‘WikiLeaks’ founder has ‘blood of soldiers on his hands’, says Mullen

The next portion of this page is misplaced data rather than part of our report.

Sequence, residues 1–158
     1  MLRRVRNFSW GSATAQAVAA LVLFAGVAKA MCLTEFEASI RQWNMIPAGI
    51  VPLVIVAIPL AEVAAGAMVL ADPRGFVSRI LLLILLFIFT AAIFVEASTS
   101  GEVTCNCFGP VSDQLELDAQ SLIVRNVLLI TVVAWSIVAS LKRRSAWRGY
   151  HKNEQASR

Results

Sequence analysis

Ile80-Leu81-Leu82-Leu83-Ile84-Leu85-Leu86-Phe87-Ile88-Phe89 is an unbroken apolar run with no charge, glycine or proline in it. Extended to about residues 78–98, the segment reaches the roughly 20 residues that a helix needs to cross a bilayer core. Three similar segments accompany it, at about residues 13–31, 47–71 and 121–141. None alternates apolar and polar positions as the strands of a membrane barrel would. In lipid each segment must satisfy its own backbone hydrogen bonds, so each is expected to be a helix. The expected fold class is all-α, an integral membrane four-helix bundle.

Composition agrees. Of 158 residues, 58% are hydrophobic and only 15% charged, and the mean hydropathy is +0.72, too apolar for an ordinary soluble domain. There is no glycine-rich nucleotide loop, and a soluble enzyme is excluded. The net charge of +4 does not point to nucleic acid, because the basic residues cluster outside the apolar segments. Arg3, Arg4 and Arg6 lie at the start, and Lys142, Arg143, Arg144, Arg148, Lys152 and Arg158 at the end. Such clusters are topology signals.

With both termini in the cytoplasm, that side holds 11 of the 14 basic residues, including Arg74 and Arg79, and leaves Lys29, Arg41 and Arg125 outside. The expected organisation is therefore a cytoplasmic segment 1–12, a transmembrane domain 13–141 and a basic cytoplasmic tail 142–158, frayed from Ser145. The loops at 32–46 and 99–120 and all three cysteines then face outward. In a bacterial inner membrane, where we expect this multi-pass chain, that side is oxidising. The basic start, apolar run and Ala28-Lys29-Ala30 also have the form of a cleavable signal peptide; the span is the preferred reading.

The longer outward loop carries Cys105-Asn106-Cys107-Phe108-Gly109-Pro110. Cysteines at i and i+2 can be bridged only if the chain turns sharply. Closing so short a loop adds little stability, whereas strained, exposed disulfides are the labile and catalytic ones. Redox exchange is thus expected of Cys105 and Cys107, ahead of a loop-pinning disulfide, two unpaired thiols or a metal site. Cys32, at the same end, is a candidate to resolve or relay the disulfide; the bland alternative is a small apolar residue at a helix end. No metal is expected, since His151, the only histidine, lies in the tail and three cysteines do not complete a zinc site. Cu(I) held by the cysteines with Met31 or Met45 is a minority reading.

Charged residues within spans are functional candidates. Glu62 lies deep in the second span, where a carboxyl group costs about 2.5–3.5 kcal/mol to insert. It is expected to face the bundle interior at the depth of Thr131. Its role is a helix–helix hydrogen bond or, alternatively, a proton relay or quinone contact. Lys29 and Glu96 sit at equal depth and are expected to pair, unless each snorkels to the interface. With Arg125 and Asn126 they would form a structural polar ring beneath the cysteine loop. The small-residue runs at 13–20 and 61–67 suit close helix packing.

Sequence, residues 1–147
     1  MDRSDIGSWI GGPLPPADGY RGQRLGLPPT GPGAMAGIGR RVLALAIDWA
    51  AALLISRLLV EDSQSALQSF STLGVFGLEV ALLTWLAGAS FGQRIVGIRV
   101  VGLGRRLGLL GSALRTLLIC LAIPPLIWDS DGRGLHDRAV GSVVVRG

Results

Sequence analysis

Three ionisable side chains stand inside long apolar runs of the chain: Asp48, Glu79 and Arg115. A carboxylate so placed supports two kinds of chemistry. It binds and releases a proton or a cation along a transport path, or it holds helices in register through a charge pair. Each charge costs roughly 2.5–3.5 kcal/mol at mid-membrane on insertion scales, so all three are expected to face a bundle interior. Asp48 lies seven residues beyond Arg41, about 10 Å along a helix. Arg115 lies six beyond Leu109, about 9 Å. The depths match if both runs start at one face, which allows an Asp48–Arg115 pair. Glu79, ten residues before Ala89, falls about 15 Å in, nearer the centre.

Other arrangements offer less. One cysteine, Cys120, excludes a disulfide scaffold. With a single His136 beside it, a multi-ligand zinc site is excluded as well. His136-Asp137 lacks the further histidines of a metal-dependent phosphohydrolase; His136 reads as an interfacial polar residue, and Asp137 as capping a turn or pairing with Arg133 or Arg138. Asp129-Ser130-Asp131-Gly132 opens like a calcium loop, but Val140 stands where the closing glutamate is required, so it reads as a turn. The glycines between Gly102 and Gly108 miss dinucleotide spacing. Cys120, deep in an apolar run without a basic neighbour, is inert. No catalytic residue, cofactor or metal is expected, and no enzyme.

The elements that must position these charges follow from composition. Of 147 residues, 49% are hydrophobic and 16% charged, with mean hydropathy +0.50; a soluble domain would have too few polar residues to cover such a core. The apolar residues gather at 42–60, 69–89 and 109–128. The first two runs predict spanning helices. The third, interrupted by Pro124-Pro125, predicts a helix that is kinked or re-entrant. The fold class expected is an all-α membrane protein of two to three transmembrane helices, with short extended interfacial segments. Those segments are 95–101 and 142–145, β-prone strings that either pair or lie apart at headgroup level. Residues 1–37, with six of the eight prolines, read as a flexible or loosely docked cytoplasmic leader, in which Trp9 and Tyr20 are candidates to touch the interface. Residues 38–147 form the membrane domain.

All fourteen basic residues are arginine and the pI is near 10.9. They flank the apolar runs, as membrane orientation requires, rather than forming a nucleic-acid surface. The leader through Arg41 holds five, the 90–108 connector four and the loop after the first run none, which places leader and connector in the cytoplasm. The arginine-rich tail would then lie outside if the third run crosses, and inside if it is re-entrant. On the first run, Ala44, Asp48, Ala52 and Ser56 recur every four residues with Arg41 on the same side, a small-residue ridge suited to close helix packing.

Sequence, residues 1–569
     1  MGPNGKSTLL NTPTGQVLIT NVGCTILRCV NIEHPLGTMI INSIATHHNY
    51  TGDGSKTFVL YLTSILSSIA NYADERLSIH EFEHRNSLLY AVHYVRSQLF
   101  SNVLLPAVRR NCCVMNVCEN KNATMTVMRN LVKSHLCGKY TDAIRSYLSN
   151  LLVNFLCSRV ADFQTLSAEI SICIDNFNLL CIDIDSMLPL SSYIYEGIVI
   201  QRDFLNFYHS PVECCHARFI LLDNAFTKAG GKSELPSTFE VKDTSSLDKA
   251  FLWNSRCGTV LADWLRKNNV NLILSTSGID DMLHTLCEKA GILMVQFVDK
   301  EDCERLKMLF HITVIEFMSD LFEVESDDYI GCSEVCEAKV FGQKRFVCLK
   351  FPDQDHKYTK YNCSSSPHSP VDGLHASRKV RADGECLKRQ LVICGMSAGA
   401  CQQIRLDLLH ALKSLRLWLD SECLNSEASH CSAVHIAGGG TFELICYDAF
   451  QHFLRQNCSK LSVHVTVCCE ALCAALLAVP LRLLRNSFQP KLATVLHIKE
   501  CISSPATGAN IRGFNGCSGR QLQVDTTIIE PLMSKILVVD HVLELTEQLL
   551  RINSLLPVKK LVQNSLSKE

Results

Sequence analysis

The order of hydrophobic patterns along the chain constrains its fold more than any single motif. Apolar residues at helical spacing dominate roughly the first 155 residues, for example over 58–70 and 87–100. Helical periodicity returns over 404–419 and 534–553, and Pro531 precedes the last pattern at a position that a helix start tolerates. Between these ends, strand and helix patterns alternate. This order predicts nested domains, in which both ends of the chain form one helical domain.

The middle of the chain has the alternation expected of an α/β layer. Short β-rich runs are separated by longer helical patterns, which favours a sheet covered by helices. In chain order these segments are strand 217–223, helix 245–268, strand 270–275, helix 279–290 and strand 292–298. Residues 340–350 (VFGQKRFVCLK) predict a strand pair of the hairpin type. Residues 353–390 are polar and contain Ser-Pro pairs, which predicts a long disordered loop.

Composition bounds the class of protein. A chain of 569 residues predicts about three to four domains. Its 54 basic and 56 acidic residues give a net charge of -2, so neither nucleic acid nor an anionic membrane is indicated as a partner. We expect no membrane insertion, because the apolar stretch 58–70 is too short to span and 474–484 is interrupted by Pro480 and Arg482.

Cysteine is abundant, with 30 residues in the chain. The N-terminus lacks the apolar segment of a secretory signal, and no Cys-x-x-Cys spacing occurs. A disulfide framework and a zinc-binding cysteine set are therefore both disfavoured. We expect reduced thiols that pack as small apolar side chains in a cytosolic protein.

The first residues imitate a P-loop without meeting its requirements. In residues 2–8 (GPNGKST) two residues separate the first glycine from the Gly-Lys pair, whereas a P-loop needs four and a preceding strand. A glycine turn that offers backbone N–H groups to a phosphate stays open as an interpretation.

United States has asked for FBI’s help to inquire into the leaking of more than 90,000 classified military records on the Afghan war by ‘WikiLeaks’ website, and accused its founder Julian Assange of having 'blood ... on his hands.' "Mr. Assange can say whatever he likes about the greater good he thinks he and his source are doing, but the truth is they might already have on their hands the blood of some young soldier or that of an Afghan family," Fox News quoted Joint Chiefs of Staff Chairman Adm. Mike Mullen, as saying. The US Defense Secretary Robert Gates has said that he had called FBI Director Robert Mueller to deal with this issue, and claimed that the documents published online on Sunday, were potentially dangerous for US troops and allies, and an "aggressive investigation" would determine how the leaks occurred. "The battlefield consequences of the release of these documents are potentially severe and dangerous for our troops, our allies and Afghan partners, and may well damage our relationships and reputation in that key part of the world," Gates said. The FBI would presumably handle aspects of the investigation that involve civilians outside the Defense Department, and the Justice Department could bring charges in federal court. Meanwhile, Assange agreed that the files offered an insight into U.S. tactics, and said that it is not his job to look into the national security concerns. "It is not our role to play sides for states. States have national security concerns, we do not have national security concerns," he said. The security breach has cautioned the Pentagon, which is now tightening its rules for handling classified material in war zones.

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